Comparing Federal Systems in the 1990s


126 pages
ISBN 0-88911-763-2
DDC 321.02




Reviewed by Eric P. Mintz

Eric P. Mintz is an associate professor of political science at Sir
Wilfred Grenfell College, Memorial University of Newfoundland.


Discussions of the problems of Canada’s federal system often ignore
the experiences of other federal systems. In this concise, fair-minded,
and clearly written book, Ronald Watts does compare Canada’s federal
system to a variety of others. A wide range of topics are covered,
including the distribution of powers and finances, intergovernmental
relations, regional representation within the national government, and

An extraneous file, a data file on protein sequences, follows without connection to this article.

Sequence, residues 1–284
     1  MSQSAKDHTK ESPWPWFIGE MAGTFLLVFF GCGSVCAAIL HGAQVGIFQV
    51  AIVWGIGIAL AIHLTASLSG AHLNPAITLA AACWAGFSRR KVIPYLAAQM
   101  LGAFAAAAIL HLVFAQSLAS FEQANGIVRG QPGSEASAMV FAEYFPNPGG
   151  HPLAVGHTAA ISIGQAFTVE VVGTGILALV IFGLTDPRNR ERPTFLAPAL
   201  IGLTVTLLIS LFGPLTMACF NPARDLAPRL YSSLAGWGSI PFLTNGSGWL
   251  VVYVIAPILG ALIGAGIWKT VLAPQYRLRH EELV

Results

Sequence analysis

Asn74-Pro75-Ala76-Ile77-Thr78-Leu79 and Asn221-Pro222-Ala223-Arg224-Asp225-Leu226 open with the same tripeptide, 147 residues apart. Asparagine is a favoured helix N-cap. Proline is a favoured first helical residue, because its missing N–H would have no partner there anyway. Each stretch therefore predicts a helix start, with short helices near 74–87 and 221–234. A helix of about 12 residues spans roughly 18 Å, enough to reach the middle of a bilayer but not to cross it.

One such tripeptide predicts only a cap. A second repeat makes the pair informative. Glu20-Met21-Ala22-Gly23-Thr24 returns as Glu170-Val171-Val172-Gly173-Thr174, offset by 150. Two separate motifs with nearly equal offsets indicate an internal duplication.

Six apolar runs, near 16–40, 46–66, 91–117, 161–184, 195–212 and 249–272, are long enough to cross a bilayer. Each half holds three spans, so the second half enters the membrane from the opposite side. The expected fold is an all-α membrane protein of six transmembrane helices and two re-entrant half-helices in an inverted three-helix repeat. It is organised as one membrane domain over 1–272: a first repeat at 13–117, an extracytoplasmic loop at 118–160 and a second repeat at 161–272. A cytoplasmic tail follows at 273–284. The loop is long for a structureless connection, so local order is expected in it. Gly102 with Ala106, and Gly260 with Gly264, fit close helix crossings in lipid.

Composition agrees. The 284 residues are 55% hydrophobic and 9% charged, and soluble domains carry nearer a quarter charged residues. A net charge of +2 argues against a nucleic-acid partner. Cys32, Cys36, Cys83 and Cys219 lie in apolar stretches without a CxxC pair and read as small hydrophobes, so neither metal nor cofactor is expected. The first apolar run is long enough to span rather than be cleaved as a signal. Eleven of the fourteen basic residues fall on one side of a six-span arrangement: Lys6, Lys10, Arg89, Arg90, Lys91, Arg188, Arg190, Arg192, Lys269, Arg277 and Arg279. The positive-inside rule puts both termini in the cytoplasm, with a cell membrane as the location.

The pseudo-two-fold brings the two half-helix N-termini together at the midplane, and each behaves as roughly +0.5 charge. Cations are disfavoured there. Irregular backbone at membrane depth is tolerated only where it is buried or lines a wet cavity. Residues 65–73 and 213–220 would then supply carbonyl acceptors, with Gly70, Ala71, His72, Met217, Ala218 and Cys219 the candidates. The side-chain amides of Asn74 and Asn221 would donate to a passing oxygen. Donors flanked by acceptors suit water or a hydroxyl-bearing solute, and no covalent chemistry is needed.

the Constitution. Of particular interest are Watts’s discussions of
whether Canada is the most decentralized federal system in the world,
and of why some federal systems break down.

Although his focus is on comparison rather than prescription, Watts
concludes his book by stressing the importance of public acceptance of
the basic values and processes of federalism, such as “the explicit
recognition and accommodation of multiple identities and loyalties
within an overarching sense of shared purposes and objectives.”

Comparing Federal Systems in the 1990s is highly recommended for
students of Canadian and comparative politics and for readers who would
like to broaden their understanding of Canada’s constitutional


Watts, Ronald., “Comparing Federal Systems in the 1990s,” Canadian Book Review Annual Online, accessed July 16, 2024,